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Birmingham meat plant fined over £250,000 for removal of detained meat

Asia Poultry & Meat Ltd plead guilty to removing meat detained by FSA staff because of rodent activity on site.

Last updated: 12 March 2019

On Monday 11 March 2019 at Birmingham Magistrates Court, a meat processing plant based in Birmingham, plead guilty to illegally accessing meat detained by The Food Standards Agency.

The business, Asia Poultry & Meat Ltd, received a fine and costs totalling more than a quarter of a million pounds.

The court ordered that they pay a fine of £240,000 with costs of £12,824.05 and a surcharge of £170.

Asia Poultry and Meat Ltd had been due to stand trial for breaching a detention notice which prohibited access to food chillers without the FSA present before they plead guilty.

The incident took place after the FSA found evidence of rodent activity during an unannounced inspection in October 2017.

Inspectors took immediate action to stop the site operations and temporarily detained unwrapped products to assess if they were suitable for human consumption.

When the FSA inspectors returned the next day, they found evidence that the seals used to detain the product had been tampered with and that items had been moved or were missing.

Asia Poultry and Meat Ltd were warned about the consequences of breaching the detention notice before FSA staff returned to find more meat had been moved following the first breach.


At sentencing, District Judge Jan Jellema said:

“I consider the matter to be a very serious offence.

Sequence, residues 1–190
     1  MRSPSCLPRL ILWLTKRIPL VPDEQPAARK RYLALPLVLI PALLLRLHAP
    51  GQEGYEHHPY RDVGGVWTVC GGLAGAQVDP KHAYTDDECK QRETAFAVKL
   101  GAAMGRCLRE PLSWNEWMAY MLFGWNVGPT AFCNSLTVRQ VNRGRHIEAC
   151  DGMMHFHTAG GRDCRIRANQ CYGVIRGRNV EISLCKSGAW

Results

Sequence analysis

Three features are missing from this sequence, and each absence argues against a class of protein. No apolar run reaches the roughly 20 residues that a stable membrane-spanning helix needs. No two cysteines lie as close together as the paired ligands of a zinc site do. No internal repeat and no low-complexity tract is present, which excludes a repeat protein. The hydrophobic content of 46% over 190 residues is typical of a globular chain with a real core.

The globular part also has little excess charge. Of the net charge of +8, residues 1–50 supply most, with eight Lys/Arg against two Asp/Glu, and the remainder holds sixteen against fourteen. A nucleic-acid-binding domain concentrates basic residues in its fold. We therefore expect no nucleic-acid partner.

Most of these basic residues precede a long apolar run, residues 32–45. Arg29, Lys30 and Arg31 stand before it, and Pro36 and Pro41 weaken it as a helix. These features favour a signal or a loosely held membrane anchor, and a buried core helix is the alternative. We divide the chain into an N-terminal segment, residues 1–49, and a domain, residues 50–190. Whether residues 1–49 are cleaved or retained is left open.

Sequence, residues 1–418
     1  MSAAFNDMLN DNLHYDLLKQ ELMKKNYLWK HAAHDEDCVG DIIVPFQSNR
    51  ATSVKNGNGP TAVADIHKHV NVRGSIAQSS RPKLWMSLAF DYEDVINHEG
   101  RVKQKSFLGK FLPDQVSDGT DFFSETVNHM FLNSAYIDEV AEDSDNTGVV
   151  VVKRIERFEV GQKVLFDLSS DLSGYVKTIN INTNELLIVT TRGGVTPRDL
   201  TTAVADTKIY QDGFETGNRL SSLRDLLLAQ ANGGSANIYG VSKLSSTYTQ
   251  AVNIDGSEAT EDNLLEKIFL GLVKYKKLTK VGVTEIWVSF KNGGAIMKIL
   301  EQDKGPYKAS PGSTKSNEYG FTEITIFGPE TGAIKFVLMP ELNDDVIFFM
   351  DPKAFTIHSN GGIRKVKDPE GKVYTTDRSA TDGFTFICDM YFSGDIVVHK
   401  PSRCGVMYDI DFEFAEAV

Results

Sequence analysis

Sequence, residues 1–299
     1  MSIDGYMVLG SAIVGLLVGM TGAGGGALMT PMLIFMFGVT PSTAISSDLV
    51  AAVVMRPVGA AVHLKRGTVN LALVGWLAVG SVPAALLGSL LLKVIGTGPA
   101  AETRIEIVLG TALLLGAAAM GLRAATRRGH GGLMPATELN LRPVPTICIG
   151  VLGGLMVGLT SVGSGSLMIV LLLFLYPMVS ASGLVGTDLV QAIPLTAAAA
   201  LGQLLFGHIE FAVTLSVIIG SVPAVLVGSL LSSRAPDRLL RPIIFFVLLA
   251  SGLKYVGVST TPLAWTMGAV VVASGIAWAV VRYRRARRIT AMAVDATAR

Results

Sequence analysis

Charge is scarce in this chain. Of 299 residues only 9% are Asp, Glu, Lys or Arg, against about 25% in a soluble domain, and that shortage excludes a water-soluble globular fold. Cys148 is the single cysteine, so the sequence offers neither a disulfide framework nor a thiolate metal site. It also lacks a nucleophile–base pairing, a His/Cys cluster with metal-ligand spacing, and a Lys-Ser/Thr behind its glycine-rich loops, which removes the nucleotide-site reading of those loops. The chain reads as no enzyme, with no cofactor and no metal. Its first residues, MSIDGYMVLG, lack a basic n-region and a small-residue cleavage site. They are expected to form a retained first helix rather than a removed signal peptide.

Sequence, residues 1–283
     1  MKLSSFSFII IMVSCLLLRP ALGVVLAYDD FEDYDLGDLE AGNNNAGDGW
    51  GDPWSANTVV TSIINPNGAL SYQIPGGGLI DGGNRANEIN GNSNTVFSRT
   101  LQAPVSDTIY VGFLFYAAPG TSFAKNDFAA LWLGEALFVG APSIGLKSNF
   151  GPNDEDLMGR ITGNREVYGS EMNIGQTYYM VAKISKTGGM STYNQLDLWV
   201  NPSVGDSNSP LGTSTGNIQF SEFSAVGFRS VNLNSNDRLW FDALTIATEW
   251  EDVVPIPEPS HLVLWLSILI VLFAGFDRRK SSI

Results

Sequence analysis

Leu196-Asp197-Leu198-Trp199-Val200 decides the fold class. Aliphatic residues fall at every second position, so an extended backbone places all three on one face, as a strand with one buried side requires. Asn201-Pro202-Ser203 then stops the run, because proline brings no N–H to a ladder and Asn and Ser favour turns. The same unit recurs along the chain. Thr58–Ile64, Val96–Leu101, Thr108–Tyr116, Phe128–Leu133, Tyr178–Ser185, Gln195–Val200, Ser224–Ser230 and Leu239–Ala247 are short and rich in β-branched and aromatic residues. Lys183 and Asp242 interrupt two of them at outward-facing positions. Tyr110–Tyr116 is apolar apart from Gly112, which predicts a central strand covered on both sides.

"It is entirely clear those in control sought to evade the intended effect of the notice repeatedly, breaking the seals to chillers.

“The inevitable conclusion and inference is that stock was removed and sold to try and mitigate the losses of the seizure and destruction… It is clear and obvious the motivation was financial. 

“It is the clear responsibility of those in charge and nobody else would’ve had any motivation.  The attempted deception was even maintained in interview…. I bear in mind the fine must be sufficiently substantial to bring home the need to comply…”


Dr Colin Sullivan, Chief Operating Officer at the FSA said:

“The food business ignored a formal detention notice put in place to protect consumers.

“Because of its reckless actions, which could have put consumers at risk, they have now been brought to justice.

“We will continue to investigate and prosecute any food business who fails to uphold acceptable food hygiene standards on behalf of the consumer.”